2002 Denver Annual Meeting (October 27-30, 2002)

Paper No. 6
Presentation Time: 1:30 PM-5:30 PM


ARVIDSON, Rolf S., Dept. of Earth Science MS-126, Rice Univ, 6100 Main Street, Houston, TX 77005 and LUTTGE, Andreas, Dept. of Earth Sciences MS-126, Rice Univ, 6100 Main Street, Houston, TX 77005, rsa4046@ruf.rice.edu

Published rates of calcite dissolution at pH ~ 9, collected using powders or single crystals (prepared as rotating disks), range from greater than ~ 10-9 to ~ 10-10.2 mol/cm2/sec at room temperature. In comparison, rates derived from atomic step movements (AFM) and surface normal retreat (vertical scanning interferometry, VSI) in areas of etch pit development on freshly cleaved surfaces are lower as a group, with a lower bound of ~10-11.6 /cm2/sec (measured by VSI at pH 8.87, 23ºC, PCO2 10-3.39). Here we explore the possible origins of these differences by analyzing the spatial distribution and organization of rates on the mineral surface.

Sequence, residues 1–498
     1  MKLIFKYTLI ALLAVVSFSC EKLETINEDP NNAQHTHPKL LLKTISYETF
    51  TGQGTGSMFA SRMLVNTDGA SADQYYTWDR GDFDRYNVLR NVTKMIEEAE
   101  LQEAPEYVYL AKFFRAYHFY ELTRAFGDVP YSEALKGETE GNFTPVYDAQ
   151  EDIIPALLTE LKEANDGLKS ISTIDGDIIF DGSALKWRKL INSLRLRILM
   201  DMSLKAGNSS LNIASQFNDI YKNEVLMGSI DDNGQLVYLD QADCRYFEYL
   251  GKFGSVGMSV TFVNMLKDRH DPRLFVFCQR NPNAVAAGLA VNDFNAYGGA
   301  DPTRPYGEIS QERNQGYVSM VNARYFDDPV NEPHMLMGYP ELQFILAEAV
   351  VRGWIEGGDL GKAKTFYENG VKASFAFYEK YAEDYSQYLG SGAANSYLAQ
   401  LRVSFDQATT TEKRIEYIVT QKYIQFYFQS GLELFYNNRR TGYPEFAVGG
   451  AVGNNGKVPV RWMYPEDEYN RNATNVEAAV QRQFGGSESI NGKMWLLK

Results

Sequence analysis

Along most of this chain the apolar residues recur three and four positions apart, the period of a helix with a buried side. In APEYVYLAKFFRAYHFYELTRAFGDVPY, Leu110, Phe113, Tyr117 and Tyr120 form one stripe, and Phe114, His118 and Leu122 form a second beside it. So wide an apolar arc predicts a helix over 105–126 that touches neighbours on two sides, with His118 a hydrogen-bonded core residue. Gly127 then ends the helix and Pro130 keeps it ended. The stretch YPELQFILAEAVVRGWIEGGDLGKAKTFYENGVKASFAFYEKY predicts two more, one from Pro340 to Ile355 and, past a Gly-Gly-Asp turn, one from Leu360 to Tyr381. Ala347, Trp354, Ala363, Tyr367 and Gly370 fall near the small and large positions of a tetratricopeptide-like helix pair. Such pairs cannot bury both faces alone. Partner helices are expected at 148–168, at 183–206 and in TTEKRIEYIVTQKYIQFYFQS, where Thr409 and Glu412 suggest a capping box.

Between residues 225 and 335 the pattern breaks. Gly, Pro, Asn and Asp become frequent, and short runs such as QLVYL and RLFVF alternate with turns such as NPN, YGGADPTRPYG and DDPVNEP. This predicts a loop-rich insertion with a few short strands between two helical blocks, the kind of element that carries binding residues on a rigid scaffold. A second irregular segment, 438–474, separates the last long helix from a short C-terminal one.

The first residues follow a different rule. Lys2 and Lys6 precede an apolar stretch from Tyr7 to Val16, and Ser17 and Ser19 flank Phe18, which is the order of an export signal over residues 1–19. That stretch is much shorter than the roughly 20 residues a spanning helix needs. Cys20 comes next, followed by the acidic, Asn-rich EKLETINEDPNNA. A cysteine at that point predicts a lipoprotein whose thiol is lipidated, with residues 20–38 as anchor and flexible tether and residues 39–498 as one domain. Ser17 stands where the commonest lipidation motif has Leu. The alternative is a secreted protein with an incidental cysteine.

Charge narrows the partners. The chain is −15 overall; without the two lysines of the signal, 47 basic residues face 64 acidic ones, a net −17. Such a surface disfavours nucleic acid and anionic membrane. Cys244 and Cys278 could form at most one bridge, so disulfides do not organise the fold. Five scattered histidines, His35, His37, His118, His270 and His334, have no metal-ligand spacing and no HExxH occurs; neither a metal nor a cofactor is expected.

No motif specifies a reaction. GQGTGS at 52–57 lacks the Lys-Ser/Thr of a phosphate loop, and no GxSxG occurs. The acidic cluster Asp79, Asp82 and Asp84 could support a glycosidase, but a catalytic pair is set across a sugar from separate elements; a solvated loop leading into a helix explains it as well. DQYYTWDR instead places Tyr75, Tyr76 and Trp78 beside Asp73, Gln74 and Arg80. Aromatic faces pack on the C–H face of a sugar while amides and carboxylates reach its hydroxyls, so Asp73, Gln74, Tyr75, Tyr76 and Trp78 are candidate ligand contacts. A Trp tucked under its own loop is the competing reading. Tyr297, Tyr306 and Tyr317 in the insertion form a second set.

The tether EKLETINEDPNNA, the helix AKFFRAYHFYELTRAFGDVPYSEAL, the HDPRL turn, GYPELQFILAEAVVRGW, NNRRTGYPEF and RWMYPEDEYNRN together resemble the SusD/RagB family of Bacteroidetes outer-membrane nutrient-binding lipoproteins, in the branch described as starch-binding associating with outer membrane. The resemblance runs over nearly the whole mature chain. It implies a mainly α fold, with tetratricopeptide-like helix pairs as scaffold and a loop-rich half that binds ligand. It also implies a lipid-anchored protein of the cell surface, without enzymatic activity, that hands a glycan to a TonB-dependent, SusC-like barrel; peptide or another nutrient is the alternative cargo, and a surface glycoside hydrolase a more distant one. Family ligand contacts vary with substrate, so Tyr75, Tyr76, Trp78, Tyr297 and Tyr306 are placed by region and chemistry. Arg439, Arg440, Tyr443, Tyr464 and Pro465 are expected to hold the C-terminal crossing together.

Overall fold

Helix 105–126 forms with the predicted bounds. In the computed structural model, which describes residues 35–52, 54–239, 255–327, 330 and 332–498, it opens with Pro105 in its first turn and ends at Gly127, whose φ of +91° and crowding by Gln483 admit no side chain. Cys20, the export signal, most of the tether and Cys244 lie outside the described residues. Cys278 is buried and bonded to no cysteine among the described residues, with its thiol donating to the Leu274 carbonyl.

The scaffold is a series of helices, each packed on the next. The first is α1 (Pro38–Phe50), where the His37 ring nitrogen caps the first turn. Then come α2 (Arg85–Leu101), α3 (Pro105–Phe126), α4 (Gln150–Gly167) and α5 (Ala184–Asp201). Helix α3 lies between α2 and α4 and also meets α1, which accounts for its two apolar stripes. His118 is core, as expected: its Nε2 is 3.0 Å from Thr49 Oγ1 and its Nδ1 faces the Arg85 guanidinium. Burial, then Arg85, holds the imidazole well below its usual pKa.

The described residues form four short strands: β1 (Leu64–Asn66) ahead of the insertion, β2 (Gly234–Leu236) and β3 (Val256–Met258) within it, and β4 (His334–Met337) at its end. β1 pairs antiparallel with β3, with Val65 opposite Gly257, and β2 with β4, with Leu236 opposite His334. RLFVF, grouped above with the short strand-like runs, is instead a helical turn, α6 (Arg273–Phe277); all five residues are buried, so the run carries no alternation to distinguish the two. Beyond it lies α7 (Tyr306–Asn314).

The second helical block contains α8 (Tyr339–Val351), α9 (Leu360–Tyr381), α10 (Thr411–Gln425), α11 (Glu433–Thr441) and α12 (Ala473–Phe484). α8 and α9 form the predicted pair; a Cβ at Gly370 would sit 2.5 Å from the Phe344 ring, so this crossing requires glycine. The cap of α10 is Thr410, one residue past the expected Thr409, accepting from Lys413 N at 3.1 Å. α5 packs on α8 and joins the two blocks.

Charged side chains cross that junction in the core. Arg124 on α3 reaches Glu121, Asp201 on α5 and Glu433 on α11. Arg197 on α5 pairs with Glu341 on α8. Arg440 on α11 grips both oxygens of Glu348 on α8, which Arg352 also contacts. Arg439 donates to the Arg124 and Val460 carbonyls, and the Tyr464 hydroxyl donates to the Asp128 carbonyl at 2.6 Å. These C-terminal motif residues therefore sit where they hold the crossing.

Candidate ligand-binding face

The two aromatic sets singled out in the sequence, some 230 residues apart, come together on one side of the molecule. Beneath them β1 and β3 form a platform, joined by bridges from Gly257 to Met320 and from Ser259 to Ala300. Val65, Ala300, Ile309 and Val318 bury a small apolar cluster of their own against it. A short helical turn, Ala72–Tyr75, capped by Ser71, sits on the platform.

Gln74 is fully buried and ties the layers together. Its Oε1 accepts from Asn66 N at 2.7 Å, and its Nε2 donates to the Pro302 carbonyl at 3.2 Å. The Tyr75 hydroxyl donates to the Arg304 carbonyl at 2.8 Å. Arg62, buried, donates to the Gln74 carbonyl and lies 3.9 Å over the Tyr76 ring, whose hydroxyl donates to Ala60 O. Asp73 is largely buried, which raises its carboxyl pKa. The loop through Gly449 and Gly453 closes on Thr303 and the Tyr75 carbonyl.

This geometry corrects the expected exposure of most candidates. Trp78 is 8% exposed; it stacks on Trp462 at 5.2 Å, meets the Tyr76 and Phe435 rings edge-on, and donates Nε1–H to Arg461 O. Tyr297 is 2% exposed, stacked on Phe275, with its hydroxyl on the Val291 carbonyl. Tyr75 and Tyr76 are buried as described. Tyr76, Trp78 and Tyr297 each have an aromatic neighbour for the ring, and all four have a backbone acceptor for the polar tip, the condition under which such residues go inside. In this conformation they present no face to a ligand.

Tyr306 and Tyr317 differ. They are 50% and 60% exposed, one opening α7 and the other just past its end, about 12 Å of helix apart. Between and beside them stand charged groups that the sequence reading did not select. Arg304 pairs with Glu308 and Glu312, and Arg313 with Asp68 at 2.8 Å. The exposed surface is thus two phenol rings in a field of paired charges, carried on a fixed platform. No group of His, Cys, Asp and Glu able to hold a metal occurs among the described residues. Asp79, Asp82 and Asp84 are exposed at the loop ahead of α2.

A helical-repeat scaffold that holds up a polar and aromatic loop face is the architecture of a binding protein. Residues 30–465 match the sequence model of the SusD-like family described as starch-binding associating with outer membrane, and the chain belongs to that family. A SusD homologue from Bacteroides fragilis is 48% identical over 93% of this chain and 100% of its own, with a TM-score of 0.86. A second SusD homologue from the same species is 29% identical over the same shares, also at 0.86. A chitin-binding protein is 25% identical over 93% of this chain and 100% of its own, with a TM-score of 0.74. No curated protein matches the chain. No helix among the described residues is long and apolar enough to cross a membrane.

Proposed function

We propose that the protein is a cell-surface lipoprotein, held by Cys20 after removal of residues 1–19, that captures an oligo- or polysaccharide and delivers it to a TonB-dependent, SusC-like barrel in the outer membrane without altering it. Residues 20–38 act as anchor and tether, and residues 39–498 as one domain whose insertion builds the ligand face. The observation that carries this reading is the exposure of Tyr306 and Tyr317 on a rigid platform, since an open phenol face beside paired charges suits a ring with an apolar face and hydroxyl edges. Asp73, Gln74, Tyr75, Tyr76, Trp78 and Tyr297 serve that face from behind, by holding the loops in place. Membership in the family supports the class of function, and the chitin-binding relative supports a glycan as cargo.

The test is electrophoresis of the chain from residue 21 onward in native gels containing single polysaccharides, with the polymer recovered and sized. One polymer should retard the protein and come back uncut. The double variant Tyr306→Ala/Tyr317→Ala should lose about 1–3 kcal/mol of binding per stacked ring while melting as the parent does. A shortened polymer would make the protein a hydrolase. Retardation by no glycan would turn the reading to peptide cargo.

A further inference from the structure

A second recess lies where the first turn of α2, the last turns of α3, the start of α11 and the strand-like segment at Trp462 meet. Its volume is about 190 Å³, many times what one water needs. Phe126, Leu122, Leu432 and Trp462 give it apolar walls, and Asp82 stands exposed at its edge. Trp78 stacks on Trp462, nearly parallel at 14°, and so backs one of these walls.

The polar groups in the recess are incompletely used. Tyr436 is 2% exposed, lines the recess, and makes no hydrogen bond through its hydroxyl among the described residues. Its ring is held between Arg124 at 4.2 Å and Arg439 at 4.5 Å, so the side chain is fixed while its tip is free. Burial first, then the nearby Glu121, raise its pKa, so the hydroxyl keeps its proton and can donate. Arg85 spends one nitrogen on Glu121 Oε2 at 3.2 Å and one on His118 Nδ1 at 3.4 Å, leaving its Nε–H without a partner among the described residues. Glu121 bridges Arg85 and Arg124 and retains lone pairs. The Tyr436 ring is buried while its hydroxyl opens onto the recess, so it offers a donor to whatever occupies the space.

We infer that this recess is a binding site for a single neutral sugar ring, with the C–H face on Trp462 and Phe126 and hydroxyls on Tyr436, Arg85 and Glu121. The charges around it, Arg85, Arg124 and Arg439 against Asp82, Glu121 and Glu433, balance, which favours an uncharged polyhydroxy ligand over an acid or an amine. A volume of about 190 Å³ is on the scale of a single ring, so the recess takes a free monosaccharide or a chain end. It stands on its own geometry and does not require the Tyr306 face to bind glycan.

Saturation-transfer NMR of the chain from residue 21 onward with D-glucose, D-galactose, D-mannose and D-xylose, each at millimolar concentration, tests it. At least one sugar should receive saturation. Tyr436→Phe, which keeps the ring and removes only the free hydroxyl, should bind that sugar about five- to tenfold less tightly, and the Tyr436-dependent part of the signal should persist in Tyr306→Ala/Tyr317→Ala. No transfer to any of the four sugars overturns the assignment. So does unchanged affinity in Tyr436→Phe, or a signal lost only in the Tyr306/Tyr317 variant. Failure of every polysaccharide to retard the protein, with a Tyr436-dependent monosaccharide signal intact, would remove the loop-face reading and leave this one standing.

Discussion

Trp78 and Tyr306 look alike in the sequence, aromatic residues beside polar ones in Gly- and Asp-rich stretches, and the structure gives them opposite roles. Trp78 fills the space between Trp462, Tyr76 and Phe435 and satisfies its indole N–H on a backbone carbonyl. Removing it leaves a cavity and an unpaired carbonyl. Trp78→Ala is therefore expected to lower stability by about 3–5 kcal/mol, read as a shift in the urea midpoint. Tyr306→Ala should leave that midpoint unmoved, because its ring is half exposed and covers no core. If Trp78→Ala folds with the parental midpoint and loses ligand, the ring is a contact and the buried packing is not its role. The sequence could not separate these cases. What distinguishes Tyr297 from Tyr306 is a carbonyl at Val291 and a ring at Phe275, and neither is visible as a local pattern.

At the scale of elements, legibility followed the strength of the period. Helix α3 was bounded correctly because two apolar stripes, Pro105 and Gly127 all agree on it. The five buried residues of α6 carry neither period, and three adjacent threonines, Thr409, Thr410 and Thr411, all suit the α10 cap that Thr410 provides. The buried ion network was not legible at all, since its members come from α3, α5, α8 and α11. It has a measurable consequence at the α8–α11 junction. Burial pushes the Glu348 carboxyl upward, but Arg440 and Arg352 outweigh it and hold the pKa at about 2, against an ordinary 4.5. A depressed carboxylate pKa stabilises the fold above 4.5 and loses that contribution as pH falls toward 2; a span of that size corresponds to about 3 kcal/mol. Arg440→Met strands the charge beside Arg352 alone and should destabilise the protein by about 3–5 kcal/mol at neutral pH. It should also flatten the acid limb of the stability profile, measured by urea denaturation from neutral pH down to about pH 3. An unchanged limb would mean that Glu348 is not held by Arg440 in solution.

On new cleavage surfaces, smooth, low relief terraces exhibit a characteristic pattern of etch pit nucleation and development. After initial nucleation, small and widely separated etch pits coalesce and cannibalize one another after several hours of reaction, ultimately resulting in large (diameter ≥ ~102 mm), intersecting etch pits. VSI rates of surface normal retreat in these areas range from 10-11.4 to 10-11.6 mol/cm2/sec. In contrast, areas of high macrostep density (high relief formed during cleaving) are often densely populated by small etch pits (presumably reflecting locally high defect densities) that persist even after tens of hours of reaction. These areas dissolve at VSI rates up to almost an order of magnitude faster – up to 10-10.7 mol/cm2/sec. Although these higher rates of surface normal retreat are still slower than the slowest rates observed in powder experiments, this pattern is consistent with the notion that grain boundaries may be an important source of the overall difference in powder (bulk) versus VSI rates. It has been suggested elsewhere that the discrepancy in the rates derived from AFM step velocities versus bulk powder measurements reflects the relationship of step density and reactivity (e.g., Dove and Platt 1996). Grain edges or boundaries, along which cleavage step density must reach a maximum, would thus be sites of accelerated dissolution. Because the ratio of edge length to surface area in a free grain varies as the reciprocal of grain diameter, this leads to the expectation of a nonlinear relationship between grain size and specific dissolution rate.